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Upward grind in crude prices expected to end

ANALYSIS: Oil has been trading just above US$33 a barrel on Tuesday. On Monday, crude was up more than $2, after the International Energy Agency said U.S. shale oil production could fall by 600,000 barrels day this year and another 200,000 bpd in 2017.

But the group, which represents energy-consuming countries, warned that "anybody who believes that we have seen the last of rising [light, tight oil] production in the United States should think again; by the end of our forecast in 2021, total U.S. liquids production will have increased by a net 1.3 million bpd compared to 2015."

And on our Commodities show Monday, regular guest Jerrod Kitt of the Linn Group told us that investors who have ridden crude up from less than US$30 should be “pretty quick to take profits on the next two to three dollars up.”

Global producers may be poised to reach a deal on freezing output, he warned, but “what they’re saying is they’re going to maintain supply at record high levels. That’s not particularly conducive to higher prices in the short run.”

Saskatchewan Premier Brad Wall’s called on Ottawa last week to pay out $156 million to clean old energy wells, employing laid-off oil workers. The premier joined us on Commodities on Friday.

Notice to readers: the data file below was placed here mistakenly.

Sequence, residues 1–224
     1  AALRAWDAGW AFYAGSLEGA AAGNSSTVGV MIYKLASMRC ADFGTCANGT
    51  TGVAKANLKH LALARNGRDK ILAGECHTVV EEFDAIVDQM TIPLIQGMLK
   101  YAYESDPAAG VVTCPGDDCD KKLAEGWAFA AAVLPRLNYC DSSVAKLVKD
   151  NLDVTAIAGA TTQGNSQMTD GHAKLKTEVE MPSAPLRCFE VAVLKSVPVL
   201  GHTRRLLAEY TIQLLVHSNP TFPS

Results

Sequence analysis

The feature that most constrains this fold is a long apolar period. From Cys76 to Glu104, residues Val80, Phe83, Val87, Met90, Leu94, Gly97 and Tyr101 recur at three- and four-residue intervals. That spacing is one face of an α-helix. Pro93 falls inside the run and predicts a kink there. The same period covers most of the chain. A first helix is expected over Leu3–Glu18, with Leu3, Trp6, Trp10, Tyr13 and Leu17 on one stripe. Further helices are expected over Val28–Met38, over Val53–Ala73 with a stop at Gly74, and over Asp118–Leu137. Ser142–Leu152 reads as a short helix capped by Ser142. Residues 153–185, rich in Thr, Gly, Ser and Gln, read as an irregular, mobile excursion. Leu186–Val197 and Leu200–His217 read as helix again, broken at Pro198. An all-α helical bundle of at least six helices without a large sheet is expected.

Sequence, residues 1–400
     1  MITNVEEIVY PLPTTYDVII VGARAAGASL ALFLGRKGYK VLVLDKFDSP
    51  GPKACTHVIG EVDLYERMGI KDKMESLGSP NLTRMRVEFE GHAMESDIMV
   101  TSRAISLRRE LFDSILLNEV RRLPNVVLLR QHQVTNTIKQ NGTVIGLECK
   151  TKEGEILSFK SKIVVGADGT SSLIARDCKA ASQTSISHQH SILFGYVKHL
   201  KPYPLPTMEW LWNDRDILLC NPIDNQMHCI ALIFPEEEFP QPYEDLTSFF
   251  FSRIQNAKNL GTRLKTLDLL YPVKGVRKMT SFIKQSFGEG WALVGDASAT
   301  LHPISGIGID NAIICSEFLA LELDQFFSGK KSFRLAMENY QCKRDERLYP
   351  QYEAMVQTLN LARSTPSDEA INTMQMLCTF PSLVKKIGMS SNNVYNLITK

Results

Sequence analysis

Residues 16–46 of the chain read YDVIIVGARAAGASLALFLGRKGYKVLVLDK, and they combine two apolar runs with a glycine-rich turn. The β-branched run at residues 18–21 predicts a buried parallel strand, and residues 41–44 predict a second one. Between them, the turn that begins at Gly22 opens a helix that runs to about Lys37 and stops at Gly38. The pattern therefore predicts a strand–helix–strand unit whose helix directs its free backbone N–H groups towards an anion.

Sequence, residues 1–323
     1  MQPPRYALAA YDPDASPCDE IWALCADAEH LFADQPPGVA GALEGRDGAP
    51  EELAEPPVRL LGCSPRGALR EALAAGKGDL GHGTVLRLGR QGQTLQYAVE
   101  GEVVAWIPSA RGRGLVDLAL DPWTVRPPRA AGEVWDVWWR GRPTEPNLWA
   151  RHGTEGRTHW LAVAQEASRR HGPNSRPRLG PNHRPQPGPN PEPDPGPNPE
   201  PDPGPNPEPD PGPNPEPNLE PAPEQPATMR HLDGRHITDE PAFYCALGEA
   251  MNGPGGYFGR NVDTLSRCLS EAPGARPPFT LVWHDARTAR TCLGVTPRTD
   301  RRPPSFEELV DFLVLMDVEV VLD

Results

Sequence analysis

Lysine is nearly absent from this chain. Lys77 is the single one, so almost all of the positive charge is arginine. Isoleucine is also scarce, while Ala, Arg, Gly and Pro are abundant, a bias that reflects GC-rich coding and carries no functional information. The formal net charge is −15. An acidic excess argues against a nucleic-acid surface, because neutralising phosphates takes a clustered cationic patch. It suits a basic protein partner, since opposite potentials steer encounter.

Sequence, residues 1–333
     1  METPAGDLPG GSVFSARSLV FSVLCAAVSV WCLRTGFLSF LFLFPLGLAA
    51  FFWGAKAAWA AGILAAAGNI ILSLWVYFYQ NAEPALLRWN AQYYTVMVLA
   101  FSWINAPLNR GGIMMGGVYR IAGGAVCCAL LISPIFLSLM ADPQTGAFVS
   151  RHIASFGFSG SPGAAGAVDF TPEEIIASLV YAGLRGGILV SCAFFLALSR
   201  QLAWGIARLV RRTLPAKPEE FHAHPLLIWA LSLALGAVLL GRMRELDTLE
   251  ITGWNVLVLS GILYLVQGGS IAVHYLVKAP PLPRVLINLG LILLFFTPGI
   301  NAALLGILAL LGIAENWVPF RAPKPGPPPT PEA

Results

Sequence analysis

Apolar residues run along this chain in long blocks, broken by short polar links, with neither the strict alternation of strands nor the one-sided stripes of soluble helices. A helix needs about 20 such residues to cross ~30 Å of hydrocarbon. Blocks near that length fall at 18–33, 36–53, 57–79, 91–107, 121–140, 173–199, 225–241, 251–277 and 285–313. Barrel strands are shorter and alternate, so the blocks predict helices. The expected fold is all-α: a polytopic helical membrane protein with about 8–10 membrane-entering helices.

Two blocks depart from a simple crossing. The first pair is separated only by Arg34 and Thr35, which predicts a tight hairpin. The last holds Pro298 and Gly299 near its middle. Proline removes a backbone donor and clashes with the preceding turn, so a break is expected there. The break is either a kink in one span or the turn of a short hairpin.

We had a follow-up on Commodities today. Rene Amirault, president and CEO of Secure Energy Services (SES.TO), cautioned that while work remediating old sites would be welcome it wouldn’t be big enough to provide a substantial boost to the energy services sector.

“It would be a small percentage of the overall revenue that a company would be able to charge out… it could be as low at $25,000 per well.”

Speaking of cleanups, concerns over environmental damage have led to reported opposition to some Canadian mining projects abroad, especially in central America.

On last Friday’s Commodities show, we were joined by Shin Imai, a professor at Osgoode Hall Law School, who monitors disputes involving Canadian resource companies. The Liberal government is leaving intact the office of a “counsellor” in this area who seeks on voluntary participation by mining companies to resolve conflict.

Prof. Imai says exhorting companies to follow guidelines isn’t enough. He uses the analogy of a busy highway: “Imagine it was governed by a voluntary code and there was no police or enforcement… there are drunk drivers, and encouragement doesn’t work necessarily.”

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